stopper

Still, how can you be sure that the restaurant staff is using the wine saver properly? Are they just putting them in the bottle like a cork or are they actually pumping the air out of the bottle each night? {It doesn’t make sense to do it after every pour… At the end of the evening is good enough for me!}

Well, you don’t know. And that’s why Rob still sticks to ordering by the bottle. Besides, as I mentioned here, many states allow you to bring your unfinished bottle home with you.

Exceptions:

  • We’ll order wine by the glass if it’s a wine bar that focuses on offering flights. And I’m talking about more than just a couple of flights. Many restaurants offer one white and one red nowadays. In this case, wine by the glass or flight is usually “safe” because chances are that they go through these wines faster.
  • If the house wine is a good higher-end box wine, it’ll be fresh. I’m serious here. Boxes have a built-in vacuum system. That’s why you don’t have to drink a whole box {generally four bottles} in one sitting.
  • Some restaurants offer all of their by-the-glass wines on tap, like at Scusi. The wines are hooked up to a system that is supposed to seal each wine after every pour/tap. Genius, if they can get the temperature right. Though, we did see a bartender take a bottle with a reinserted cork in it out of a wine fridge instead of using the one in the system. We never did figure that one out.

But truly, what’s the worst that could happen? You could get a bad glass? Then send it back, right? You’d do that with a bad bottle. For some reason, I feel snobbish sending a glass of wine back and asking them to open a new bottle just for me. Sometimes, I don’t know if it might just be not-so-good-of a wine. While I’d like to think I have a somewhat trained palate, I just don’t want to be that guy.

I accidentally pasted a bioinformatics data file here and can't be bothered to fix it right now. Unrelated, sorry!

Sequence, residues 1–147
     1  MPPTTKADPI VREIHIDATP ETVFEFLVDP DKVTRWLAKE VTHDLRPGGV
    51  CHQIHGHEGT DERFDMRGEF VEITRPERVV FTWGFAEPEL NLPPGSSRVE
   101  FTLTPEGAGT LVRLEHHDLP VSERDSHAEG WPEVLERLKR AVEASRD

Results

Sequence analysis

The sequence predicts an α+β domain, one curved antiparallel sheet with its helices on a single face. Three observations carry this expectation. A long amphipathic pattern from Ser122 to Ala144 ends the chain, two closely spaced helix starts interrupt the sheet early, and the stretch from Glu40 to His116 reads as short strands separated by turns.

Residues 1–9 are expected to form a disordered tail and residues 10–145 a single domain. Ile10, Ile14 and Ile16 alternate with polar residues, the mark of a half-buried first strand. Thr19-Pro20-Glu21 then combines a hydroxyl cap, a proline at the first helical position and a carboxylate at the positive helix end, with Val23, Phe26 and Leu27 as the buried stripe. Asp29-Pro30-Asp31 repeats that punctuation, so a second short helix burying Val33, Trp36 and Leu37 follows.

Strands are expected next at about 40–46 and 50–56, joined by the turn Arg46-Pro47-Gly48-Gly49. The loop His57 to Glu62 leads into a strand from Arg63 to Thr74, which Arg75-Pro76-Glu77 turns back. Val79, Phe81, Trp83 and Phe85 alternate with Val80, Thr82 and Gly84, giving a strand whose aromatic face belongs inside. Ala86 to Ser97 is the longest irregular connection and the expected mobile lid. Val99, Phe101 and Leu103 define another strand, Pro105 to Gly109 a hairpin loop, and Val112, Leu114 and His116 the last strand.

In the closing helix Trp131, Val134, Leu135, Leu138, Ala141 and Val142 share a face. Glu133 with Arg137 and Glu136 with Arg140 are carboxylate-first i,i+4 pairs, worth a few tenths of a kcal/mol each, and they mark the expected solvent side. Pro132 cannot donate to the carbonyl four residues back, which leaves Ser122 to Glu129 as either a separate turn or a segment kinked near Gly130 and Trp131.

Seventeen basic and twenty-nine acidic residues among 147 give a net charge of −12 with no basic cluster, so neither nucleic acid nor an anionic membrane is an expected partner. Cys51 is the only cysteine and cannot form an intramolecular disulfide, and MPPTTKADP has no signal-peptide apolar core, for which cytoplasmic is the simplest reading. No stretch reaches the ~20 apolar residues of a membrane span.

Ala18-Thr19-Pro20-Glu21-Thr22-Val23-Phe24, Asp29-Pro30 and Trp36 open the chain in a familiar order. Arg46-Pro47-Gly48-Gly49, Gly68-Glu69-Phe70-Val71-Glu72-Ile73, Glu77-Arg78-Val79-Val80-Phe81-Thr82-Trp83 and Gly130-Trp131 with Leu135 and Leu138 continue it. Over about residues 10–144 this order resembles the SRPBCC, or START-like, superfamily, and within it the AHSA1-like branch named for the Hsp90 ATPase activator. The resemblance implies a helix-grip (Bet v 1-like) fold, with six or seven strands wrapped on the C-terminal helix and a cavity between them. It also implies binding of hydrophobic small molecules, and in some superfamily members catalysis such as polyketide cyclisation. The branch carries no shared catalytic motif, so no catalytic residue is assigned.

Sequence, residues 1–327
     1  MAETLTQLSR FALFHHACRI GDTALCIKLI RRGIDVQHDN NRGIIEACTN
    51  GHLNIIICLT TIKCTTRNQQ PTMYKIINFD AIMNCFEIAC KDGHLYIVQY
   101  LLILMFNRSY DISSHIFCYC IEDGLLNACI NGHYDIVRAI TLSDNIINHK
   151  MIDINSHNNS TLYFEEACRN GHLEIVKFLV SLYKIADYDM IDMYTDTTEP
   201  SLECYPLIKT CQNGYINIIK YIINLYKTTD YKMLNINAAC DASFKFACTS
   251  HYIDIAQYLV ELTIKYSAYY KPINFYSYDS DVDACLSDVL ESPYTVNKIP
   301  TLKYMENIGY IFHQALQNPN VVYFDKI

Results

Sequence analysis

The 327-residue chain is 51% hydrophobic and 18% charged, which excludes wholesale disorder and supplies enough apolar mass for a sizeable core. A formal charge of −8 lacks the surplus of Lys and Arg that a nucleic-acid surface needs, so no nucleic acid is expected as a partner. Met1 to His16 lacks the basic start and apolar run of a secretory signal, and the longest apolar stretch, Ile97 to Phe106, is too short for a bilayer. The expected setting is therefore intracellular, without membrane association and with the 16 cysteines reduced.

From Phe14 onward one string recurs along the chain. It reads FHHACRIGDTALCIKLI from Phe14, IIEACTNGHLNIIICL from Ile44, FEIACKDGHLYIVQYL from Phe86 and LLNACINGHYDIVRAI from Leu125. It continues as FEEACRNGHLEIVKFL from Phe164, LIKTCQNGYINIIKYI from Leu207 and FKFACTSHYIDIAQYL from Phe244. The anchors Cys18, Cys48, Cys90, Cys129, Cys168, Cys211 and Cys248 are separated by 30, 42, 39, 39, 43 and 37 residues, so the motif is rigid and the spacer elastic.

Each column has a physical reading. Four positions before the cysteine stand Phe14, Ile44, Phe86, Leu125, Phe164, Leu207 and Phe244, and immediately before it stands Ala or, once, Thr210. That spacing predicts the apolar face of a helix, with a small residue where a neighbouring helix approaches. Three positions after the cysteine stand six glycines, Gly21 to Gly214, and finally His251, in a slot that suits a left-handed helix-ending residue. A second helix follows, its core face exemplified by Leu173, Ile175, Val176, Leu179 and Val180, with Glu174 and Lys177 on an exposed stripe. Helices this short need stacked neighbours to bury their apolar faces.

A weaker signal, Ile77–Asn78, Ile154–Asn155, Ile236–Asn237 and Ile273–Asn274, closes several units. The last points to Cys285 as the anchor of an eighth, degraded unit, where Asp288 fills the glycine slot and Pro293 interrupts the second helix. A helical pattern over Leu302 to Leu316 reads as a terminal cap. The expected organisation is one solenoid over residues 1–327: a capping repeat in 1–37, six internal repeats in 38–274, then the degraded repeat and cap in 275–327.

While Traveling Vineyard’s Wine Saver Pumps are available for $14.98 online…

I’m giving away a Wine Saver Pump this week!

I’ll announce the winner on next week’s Wine Wednesday post , where I’ll be talking about sending back a bottle.

To enter the drawing for the giveaway, simply submit a comment on:

Whether you prefer to order wine by the glass or the bottle and why

AND/OR

Share an experience where you were served a bad wine in a restaurant.

The drawing will close at 11:59pm Central on Tuesday, January 15th. Good luck!

Cheers~
Carrie

8 responses »

  1. I worked in restaurants many years throughout my life, and I was shocked that what we charged for a glass of wine is what we could BUY the whole bottle for – such a mark up – that’s why I love BYOB places – worth the corking fee!

    But truthfully, I am a box wine girl – Bota Box and Bandit Pinot Grigio are two of my favs. 😀

    The biggest tip I can give someone when ordering wine at a restaurant – if you want “house” wine be sure to ask for it – if you just ask for merlot, some shady servers will bring you the most expensive glass of merlot that’s available, and you won’t know it until you get your bill!

  2. Truthfully, I never order wine when I go out, for the reasons you have stated above. I like wine but, I won’t order it. Maybe if it were highly recommended by a friend but, not per usual.